Tetra comes from the Greek word “Tetragonopterus” which means square-finned and appears to relate to the four fins on vertical plane of the fish (dorsal, adipose, caudal and anal fins) which span the central line of the fish (when viewed from above or below, front or rear) and are not present as a pair (e.g. the pectoral fins).

The iridescence of the white stripe of your Black Neon Tetras may fade when the tank is dark and this is quite natural but if a Black Neon Tetra shows poor coloring compared with others then this is a sign that it may be ill so is best removed from the aquarium.

Black Neon Tetra – Video

How do Black Neon Tetras breed?

Tetras, in general, will scatter eggs by laying them over fine plants such as Cabomba, Fontanalis or Java Moss.

As the female Black Neon Tetra becomes ripe with eggs, the difference between the sexes is even more evident. If you plan to attempt to breed Black Neon Tetras then it is recommended that you have a breeding tank prepared which will be unlit and well planted.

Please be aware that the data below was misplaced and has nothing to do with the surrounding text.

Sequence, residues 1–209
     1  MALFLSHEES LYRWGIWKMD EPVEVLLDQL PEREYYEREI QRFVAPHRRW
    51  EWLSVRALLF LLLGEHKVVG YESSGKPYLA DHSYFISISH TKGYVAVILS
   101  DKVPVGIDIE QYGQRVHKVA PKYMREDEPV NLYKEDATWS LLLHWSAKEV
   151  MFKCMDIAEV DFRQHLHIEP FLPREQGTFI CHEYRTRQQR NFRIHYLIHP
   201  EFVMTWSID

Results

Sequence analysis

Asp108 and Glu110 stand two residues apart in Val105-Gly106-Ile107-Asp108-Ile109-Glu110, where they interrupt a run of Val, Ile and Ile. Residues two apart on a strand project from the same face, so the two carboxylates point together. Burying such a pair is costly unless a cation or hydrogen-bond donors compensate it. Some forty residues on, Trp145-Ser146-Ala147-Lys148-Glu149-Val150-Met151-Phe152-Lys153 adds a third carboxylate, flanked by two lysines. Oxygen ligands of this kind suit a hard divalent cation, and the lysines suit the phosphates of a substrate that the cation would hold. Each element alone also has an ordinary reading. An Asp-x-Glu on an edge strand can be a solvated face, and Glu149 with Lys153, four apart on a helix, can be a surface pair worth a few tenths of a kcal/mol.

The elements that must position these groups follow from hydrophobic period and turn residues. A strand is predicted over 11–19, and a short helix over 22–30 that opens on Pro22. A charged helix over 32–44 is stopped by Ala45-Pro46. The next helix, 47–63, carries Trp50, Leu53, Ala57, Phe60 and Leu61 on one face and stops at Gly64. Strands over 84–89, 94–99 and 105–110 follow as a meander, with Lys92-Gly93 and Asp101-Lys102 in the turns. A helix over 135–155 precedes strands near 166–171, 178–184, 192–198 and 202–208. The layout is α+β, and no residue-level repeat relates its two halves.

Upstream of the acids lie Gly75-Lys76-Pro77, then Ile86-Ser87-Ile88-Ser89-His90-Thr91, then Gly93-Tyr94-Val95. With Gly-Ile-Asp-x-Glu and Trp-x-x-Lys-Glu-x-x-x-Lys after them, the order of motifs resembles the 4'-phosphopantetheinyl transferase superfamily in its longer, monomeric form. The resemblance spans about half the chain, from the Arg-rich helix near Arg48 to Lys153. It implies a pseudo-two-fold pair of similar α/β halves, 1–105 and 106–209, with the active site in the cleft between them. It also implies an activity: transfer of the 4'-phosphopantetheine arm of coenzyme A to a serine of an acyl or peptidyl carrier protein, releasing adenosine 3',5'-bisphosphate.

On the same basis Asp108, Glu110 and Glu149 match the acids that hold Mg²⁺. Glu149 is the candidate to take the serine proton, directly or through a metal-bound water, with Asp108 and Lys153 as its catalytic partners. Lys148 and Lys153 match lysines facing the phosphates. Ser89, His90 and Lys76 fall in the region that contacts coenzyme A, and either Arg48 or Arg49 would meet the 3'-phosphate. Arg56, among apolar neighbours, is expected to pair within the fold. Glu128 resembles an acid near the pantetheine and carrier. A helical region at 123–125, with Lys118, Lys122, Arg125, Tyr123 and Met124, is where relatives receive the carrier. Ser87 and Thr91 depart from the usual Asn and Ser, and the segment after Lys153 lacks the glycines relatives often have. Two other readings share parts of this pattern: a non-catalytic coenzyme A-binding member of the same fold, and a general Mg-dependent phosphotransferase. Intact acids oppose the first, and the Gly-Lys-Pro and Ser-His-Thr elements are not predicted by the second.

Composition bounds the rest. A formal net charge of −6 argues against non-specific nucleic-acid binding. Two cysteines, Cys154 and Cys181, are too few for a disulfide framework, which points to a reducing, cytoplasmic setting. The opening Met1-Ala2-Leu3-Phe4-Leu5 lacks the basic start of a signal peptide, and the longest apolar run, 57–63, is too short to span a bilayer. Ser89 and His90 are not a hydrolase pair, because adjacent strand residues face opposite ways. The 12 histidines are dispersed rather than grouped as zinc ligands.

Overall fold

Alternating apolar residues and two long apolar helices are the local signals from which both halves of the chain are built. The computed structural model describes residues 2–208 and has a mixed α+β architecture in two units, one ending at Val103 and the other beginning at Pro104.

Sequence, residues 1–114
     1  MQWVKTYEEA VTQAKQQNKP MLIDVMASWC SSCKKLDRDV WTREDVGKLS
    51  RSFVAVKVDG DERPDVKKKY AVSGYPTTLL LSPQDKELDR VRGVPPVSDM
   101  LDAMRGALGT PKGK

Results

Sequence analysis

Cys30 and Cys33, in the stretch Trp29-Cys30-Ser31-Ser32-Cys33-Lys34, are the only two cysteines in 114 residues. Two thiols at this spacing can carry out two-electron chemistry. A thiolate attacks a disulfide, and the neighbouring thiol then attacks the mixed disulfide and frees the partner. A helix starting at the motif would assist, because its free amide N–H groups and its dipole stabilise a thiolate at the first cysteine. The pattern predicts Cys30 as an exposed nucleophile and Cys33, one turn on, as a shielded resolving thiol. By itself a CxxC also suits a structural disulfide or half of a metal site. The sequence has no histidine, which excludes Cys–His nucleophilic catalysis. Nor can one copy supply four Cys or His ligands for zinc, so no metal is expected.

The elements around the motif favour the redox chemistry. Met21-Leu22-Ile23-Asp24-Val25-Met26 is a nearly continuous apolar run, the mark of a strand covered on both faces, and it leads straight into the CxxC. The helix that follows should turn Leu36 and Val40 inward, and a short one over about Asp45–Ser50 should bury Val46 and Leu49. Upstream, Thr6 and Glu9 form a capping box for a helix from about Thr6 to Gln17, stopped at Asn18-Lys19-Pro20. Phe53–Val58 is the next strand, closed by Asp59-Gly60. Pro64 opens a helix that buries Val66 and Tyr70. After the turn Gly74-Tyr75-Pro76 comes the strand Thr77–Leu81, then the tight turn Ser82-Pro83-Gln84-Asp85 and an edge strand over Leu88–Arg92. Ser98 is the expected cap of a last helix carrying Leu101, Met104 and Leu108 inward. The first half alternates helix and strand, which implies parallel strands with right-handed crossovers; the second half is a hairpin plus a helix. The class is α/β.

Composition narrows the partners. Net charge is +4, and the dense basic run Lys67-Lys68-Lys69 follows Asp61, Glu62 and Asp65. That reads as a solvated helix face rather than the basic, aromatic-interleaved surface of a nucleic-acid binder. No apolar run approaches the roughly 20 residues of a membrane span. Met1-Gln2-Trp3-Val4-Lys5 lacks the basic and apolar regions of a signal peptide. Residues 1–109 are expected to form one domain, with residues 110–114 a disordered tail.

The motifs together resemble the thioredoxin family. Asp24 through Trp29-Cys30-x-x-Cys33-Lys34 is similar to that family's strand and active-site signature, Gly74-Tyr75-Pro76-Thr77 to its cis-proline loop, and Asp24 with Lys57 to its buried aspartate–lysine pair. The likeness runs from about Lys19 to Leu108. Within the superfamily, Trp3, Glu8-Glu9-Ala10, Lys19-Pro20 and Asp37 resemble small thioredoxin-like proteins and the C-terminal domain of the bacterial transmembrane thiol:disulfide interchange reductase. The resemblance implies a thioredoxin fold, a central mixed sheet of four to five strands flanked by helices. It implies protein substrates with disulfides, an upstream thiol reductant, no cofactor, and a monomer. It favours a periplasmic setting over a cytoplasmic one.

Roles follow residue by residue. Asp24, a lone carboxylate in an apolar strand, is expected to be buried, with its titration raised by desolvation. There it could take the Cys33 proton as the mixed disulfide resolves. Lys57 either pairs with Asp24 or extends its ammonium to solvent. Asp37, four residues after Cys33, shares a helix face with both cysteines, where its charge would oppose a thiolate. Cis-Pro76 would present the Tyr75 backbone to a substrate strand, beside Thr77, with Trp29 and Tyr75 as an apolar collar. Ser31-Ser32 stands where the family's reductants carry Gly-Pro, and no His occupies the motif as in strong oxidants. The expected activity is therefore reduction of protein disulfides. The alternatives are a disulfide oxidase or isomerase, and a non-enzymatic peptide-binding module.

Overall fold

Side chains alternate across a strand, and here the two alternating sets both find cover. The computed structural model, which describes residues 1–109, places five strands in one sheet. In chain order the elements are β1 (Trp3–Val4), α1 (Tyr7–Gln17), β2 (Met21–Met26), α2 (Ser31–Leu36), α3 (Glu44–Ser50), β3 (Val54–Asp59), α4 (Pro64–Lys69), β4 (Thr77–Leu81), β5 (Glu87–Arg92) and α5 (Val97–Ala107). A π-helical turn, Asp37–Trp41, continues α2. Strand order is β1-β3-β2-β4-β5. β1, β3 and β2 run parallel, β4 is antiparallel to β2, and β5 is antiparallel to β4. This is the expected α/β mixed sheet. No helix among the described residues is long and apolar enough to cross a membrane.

Whilst you can keep Black Neon Tetras in community tanks with fairly neutral water, in order to optimize for breeding conditions it is far better to create an environment much closer to that of its natural habitat (i.e. fairly dark with somewhat acidic and very soft water)

The female will swim amongst the plants in which she will lay her eggs which will stick to the plants and the male will follow her or swim alongside her and fertilize (at least some of) the eggs as they are laid. Once spawning is complete, remove the adults, as they are likely to consume the eggs and take no further parental responsibility.

Breeding tank for Black Neon Tetras

You should prepare an unlit tank of around 20 gallons in size with mature water. Ensure that there is plenty of fine vegetation (e.g. Cabomba, Fontanalis or Java Moss) in the tank. Black Neon Tetras tend to breed in the early morning. The water should be at a pH of around 5.0 to 5.5, a dGH of 1 to 2 and, ideally around 69 to 78 degrees Fahrenheit.